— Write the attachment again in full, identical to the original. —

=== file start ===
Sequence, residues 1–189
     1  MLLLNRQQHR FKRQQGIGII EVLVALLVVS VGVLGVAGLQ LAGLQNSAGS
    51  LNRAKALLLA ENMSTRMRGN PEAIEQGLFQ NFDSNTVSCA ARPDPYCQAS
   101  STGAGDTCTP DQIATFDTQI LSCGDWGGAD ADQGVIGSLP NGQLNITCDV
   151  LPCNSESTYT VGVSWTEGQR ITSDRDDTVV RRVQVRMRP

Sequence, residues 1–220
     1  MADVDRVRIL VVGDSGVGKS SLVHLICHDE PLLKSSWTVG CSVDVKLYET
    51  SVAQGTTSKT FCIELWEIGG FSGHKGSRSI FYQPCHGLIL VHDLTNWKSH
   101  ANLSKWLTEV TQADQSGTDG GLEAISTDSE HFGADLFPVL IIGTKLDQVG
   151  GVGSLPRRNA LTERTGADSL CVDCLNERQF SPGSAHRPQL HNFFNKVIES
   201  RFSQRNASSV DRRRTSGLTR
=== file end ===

Sequence, residues 1–189
     1  MLLLNRQQHR FKRQQGIGII EVLVALLVVS VGVLGVAGLQ LAGLQNSAGS
    51  LNRAKALLLA ENMSTRMRGN PEAIEQGLFQ NFDSNTVSCA ARPDPYCQAS
   101  STGAGDTCTP DQIATFDTQI LSCGDWGGAD ADQGVIGSLP NGQLNITCDV
   151  LPCNSESTYT VGVSWTEGQR ITSDRDDTVV RRVQVRMRP

Sequence, residues 1–220
     1  MADVDRVRIL VVGDSGVGKS SLVHLICHDE PLLKSSWTVG CSVDVKLYET
    51  SVAQGTTSKT FCIELWEIGG FSGHKGSRSI FYQPCHGLIL VHDLTNWKSH
   101  ANLSKWLTEV TQADQSGTDG GLEAISTDSE HFGADLFPVL IIGTKLDQVG
   151  GVGSLPRRNA LTERTGADSL CVDCLNERQF SPGSAHRPQL HNFFNKVIES
   201  RFSQRNASSV DRRRTSGLTR